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NSW site signage and advertising requirements

Various laws identifying what details need to be on site signage and contractor advertising in NSW.

In NSW, various laws determine what details are required to be displayed on site signs for residential building work, as well as details when advertising your business services.

When do I need a site sign?

The principal contractor is required to erect a sign when performing work on a residential site, such as the construction of a new dwelling, garage or an in-ground swimming pool or alterations and additions to existing dwellings where a development consent l is required.

You do not need to erect signs for your work if you contract to do work that has been authorised by an owner-builder permit or if you are a subcontractor who has entered into a contract with a principal contractor.

What details do I need on my sign(s)?

Licence details

The Home Building Regulation requires the following information be displayed on a site sign:

  • the name of the licensee as shown on the contractor licence;
  • the words ‘licenced contractor’ or words to that effect; and
  • the number of the contractor licence held by the licensee.

A maximum penalty of $1,100 for an individual or $2,200 for a company can be imposed for failing to erect signage with the above details.

WHS: Principal contractor

In addition, for jobs of $250,000 or over, work health and safety (WHS) laws require site signage to show:

  • the number and contact numbers (including an after-hours emergency contact) for the principal contractor;
  • the location of the site office for the project, if any, and;
  • is clearly visible from outside the workplace, or the work area of the workplace, where the construction project is being undertaken.

Failure to meet WHS site signage requirements can result in a maximum penalty of $4,400 for an individual or $23,100 for a company.

Certifier details

Where a principal certifier needs to be appointed to a job, a site sign must:

  • detail the name and contact details of the certifier, be it council or a registered certifier, including after-hours contact details;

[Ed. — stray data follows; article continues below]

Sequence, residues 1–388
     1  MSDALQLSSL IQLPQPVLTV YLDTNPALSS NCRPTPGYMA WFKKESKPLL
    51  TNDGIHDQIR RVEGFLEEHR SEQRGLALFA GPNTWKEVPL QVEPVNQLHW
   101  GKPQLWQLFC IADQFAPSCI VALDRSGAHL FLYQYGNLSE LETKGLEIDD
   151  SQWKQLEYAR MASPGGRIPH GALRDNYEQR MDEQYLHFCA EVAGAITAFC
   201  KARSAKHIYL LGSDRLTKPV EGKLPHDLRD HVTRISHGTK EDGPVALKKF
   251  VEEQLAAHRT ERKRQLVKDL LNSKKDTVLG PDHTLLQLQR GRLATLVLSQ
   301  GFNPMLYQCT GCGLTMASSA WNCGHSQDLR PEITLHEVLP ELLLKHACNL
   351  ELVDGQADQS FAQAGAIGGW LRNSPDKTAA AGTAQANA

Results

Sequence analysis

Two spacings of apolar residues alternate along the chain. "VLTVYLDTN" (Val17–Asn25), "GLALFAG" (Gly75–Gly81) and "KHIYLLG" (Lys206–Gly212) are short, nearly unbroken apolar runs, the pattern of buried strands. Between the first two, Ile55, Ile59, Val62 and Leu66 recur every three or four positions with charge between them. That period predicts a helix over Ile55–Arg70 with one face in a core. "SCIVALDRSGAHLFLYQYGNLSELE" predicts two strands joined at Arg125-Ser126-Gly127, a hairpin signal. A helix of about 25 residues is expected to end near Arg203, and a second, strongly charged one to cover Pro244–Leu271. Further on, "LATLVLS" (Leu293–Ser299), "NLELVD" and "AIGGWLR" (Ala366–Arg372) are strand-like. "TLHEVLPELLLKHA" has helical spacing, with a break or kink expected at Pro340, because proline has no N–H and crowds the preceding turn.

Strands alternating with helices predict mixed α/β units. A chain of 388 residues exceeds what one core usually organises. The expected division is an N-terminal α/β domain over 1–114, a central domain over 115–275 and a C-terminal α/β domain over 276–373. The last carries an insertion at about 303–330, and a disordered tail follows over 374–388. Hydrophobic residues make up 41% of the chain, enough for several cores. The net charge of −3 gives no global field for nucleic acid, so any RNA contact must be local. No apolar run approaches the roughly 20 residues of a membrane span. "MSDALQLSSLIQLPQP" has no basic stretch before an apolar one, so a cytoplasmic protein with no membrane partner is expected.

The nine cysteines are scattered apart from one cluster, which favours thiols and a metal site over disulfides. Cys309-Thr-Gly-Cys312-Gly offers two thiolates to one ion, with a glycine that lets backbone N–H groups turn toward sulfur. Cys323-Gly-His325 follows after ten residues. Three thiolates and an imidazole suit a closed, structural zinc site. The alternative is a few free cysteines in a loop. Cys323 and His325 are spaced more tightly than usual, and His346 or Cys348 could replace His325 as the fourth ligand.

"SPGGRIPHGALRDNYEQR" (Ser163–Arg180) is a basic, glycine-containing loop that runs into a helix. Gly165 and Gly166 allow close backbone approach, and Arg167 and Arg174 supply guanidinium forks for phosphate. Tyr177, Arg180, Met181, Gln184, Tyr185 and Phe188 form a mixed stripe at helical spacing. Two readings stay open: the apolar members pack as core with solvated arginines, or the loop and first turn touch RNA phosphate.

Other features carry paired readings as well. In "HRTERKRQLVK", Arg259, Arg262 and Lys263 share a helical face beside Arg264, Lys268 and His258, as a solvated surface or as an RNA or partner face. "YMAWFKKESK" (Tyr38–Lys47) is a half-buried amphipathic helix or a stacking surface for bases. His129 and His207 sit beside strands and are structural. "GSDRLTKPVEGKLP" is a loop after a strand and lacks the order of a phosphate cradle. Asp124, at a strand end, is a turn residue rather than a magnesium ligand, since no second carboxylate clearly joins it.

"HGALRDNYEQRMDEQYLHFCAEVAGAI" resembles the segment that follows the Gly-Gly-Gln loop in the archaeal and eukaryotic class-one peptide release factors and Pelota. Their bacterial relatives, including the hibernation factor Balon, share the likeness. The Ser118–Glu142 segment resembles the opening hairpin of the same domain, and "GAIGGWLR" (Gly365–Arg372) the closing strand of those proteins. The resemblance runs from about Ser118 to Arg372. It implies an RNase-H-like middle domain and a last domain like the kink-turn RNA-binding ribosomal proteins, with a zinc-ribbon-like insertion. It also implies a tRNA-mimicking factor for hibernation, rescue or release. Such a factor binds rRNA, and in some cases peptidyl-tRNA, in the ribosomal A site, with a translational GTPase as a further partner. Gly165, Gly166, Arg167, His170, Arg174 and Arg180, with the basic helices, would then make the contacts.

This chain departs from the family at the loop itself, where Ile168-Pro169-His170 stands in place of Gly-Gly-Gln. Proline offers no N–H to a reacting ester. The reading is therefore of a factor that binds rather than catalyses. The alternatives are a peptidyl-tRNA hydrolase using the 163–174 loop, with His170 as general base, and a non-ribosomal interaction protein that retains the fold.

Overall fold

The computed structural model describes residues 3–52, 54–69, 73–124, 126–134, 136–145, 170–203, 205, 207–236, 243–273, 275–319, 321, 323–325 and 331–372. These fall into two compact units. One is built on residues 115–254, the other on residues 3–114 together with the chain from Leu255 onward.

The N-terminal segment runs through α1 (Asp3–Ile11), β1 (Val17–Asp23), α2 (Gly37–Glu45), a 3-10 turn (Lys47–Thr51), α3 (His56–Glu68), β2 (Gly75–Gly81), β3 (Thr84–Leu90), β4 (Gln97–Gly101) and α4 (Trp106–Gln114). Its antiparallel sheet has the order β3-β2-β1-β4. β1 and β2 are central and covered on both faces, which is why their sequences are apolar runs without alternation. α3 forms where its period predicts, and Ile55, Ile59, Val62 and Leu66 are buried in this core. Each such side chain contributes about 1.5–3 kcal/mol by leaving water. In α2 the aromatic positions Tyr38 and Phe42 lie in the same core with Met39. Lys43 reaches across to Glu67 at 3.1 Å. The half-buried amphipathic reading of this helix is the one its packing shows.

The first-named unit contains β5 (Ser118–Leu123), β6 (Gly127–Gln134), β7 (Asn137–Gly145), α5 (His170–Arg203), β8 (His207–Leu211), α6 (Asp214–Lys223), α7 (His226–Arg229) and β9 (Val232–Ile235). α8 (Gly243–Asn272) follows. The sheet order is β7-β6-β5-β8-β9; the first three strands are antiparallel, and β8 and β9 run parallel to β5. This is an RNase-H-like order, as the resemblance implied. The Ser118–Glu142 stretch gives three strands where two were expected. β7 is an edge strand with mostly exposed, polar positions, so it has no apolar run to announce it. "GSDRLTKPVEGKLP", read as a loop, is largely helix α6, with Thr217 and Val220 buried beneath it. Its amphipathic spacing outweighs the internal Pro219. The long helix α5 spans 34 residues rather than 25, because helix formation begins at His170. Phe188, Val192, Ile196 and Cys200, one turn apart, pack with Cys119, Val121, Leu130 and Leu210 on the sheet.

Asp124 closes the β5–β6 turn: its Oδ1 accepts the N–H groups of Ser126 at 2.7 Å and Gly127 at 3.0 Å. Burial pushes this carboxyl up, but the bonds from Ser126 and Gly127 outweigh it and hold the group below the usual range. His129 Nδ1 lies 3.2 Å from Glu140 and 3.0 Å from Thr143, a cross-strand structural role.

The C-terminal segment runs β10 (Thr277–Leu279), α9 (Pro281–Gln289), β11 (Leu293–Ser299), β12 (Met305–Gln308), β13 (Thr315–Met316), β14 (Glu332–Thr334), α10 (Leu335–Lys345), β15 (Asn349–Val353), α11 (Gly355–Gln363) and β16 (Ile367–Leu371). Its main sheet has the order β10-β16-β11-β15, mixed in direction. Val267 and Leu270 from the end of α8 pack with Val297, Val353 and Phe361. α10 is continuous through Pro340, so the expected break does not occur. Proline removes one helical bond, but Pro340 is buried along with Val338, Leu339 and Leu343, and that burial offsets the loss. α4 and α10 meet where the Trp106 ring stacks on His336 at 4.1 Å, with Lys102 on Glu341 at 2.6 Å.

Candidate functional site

• be displayed in a prominent position on the site;
  • include a statement to the effect that ‘unauthorised entry to the work site is prohibited’; and
  • be maintained until the works are completed.

Do I need separate signs?

No, all the details can be displayed on the one sign. However, the sign should be visible and durable and maintained throughout the duration of the building work. HIA Stationery has a range of signage available for use by members, including a single sign that meets all the requirements detailed above.

What about non-residential sites?

Planning and WHS laws require site signs to be erected for most types of building work, including commercial building work, subdivisions, and demolition work. Check with the relevant authorities if you are unsure whether the work you are doing requires a sign to be erected, or simply erect a sign to be on the safe side.

Business advertising

A licence holder (builder or a contractor) who advertises their services in relation to residential building work or specialist work must ensure the following details are included in the advertisement:

  • the licence holder’s name,
  • the licence number; and
  • business telephone number.

You must include these details regardless of where your advertisement is placed, e.g. print, radio, television, internet, social media, or on a vehicle.

A maximum penalty of $1,100 for an individual and $2,200 for a company can be imposed for failing to include these details in your advertising.

False or misleading advertising

Under Australian Consumer Law, it is illegal for a business to engage in conduct that misleads or deceives or is likely to mislead or deceive consumers or other businesses. This means you cannot make statements or representations that are not true or are likely to mislead a customer or conceal a material fact. For example, it would be misleading if you held yourself out to be a builder and able to construct a house when in fact you only hold a carpentry licence.

You cannot rely on small or fine print as an excuse for a misleading message. Any qualifying conditions about your services needs to be clear and prominent so the consumer has all the relevant information they need to make an informed decision.

To find out more, contact HIA's Contracts and Compliance team

Email us

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